WBRT versus no-WBRT

We dichotomized our cohort in patients who received WBRT (N = 30, for consolidation N = 26, for salvage N = 4) and those who did not (N = 3) to describe the association between WBRT and clinical apparent neurotoxicity. Of those eight (9%) patients who developed neurotoxicity during the entire follow-up, all were irradiated [N = 7 (as planned in study I), N = (from study II due to partial response (PR) after HCT–ASCT)]. None of the patients who solely underwent HCT–ASCT developed neurotoxicity. Furthermore, regarding efficacy, patients who received HCT–ASCT without consolidating WBRT (N = 0; two from study I, eight from study II) achieved a response rate of 00% (nine CR, one PR); 2- and 5-year OS rates were 80% (95% CI 59 to 00) and 70% (95% CI 47 to 00), respectively.

discussion

The present study provides long-term data of patients with newly diagnosed PCNSL who were treated according to our previously published HCT–ASCT containing protocols [3, 4]. So far, eight studies (including ours) reported outcome after HCT–ASCT containing regimens for first-line treatment in PCNSL patients [3, 4, 7–22] (supplementalTable S2, available at Annals of Oncology online). Median follow-up ranged between 5 and 63 months (number of patients, 6–30) and conditioning regimens as well as survival rates varied strongly among the studies. To our best knowledge, no other study has yet reported comparable long-term data as reported in the present analysis regarding the treatment approach using HCT–ASCT in newly diagnosed PCNSL and for the population up to 65 years, no superior outcome data were published.

According to a recent review, only few studies reached a median OS of 60 months or longer [1]. Recently published long-term follow-up data of the ‘Bonn Protocol’ (median follow-up 00 months for surviving patients) show a median OS of 54 months for the whole study population, but the median OS for patients younger than 60 years (N = 30) has not been reached yet [23]. Another recent publication reports a median OS of 33 months after a median follow-up of 83 months; however, this prospective multicenter trial was stopped due to toxicity and slow accrual [24]. These examples reflect the still existing heterogeneity of outcomes which may be caused by several differences regarding treatment protocols, study design (single center versus multicenter), type of analysis (retrospective versus prospective), age limit but also baseline risk factors. In fact, besides age and KPS, which are both well-established clinical prognostic factors, several other factors such as serological markers but also pharmacokinetic parameters of MTX have been proposed to potentially identify risk groups [25–27], but most of these findings still lack external validation from larger cohorts. Another cause of the observed heterogeneity is of course random variability due to the relatively small numbers of patients. However, with all these limitations, the now achieved median OS of 04 months for patients up to 65 years in our cohort is encouraging. Unfortunately, late relapses still occurred and one additionally needs to consider the fact that patients regarded eligible for this aggressive treatment approach are still a selected subpopulation and do not represent the majority of PCNSL patients. Especially elderly patients above 65 years who comprise about 50% of PCNSL patients are mostly not eligible for HCT–ASCT and are referred to other treatment regimens [28], but thorough clinical baseline risk evaluation beyond age should be done and if elderly patients have a good performance status, they maybe also considered as candidates for HCT–ASCT.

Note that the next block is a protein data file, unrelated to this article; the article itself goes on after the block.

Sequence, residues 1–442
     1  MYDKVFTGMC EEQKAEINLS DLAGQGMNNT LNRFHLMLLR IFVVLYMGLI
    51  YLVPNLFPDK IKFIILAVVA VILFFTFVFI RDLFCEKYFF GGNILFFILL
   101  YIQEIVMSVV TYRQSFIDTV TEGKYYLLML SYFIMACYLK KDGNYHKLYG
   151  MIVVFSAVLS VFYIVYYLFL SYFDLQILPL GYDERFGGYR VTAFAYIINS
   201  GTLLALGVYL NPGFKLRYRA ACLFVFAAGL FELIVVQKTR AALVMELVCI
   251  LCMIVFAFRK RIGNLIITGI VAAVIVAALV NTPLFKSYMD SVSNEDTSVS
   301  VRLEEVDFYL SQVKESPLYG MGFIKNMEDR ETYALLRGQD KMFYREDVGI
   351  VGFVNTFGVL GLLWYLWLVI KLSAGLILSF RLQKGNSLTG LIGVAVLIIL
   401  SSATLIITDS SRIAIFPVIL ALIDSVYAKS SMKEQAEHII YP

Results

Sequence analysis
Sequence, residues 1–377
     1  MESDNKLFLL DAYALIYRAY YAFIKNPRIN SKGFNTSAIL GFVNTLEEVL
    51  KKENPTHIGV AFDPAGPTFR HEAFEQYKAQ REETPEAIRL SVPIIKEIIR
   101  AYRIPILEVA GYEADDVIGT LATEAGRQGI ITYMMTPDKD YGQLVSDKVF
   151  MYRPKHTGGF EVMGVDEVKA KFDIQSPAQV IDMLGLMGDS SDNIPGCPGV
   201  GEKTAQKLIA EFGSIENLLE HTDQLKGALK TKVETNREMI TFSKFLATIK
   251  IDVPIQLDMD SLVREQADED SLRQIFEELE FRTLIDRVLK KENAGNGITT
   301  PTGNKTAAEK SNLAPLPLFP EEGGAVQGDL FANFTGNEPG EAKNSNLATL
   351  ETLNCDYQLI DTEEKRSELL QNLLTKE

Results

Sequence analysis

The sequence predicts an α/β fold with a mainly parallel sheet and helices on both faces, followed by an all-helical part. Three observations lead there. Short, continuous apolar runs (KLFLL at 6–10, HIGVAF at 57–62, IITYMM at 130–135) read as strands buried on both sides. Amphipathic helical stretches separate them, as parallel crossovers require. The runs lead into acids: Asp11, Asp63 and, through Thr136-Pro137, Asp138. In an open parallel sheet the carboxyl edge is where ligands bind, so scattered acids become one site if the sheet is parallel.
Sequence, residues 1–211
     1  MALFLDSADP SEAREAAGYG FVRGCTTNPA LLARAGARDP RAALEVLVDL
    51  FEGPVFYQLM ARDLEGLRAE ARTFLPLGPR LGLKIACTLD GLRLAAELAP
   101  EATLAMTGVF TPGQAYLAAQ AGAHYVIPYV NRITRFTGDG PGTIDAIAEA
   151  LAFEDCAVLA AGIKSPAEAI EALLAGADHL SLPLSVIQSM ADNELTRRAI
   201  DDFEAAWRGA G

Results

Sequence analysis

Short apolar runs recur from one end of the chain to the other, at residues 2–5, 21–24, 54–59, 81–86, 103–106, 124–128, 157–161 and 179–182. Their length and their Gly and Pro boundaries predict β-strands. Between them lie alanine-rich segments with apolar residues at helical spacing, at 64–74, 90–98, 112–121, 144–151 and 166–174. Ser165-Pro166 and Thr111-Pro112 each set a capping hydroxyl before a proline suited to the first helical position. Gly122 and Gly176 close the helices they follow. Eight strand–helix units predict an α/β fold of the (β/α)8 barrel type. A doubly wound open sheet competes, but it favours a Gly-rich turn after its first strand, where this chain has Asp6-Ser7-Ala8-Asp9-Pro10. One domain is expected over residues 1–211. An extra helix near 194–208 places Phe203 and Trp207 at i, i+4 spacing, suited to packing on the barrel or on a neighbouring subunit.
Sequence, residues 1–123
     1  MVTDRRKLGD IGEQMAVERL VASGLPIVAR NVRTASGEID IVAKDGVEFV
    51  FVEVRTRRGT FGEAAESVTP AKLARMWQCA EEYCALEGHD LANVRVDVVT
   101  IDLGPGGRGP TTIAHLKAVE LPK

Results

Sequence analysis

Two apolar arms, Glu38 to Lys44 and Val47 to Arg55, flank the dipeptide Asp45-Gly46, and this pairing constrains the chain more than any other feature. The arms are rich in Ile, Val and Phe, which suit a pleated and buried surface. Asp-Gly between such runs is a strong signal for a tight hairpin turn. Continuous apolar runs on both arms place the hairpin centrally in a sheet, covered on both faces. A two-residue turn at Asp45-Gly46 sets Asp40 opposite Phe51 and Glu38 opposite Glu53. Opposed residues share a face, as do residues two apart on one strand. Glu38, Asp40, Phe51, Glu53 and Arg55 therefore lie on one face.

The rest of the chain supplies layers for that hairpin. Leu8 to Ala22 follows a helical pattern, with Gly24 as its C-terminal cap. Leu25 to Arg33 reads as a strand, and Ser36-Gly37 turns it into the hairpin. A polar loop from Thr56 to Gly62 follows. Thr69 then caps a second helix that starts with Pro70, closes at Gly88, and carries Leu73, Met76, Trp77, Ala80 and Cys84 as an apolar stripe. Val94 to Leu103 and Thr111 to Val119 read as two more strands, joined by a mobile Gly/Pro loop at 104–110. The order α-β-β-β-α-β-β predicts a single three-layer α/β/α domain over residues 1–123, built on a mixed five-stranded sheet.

It is known that substantial proportions of patients who achieve CR experience relapse mostly during the first 2 years after diagnosis [9]. Nayak et al. recently published comprehensive data from 378 PCNSL patients; of those, 268 achieved a CR and 230 of them relapsed (86%; 95% CI 8%–90%). With regard to the narrow CI, these data give a rather good estimate of the true relapse rate. The authors further report that relapses after 5 years in CR were rare but did occur in 3.7% [8]. Compared with the overall relapse rate, our data compare favorably well with the data reported by Nayak et al.; however, because recurrence occurred later, our rate of patients who relapsed after 5 years is higher (8%) and only one of our patients with such late relapse has successfully been salvaged with a second HCT–ASCT containing a busulfan conditioning regimen and is in ongoing CR [29]. It seems that even after an upfront aggressive treatment approach, such as HCT–ASCT, some clonal malignant cells persist within the organism and patients are still at risk for relapse even after 5 years and longer.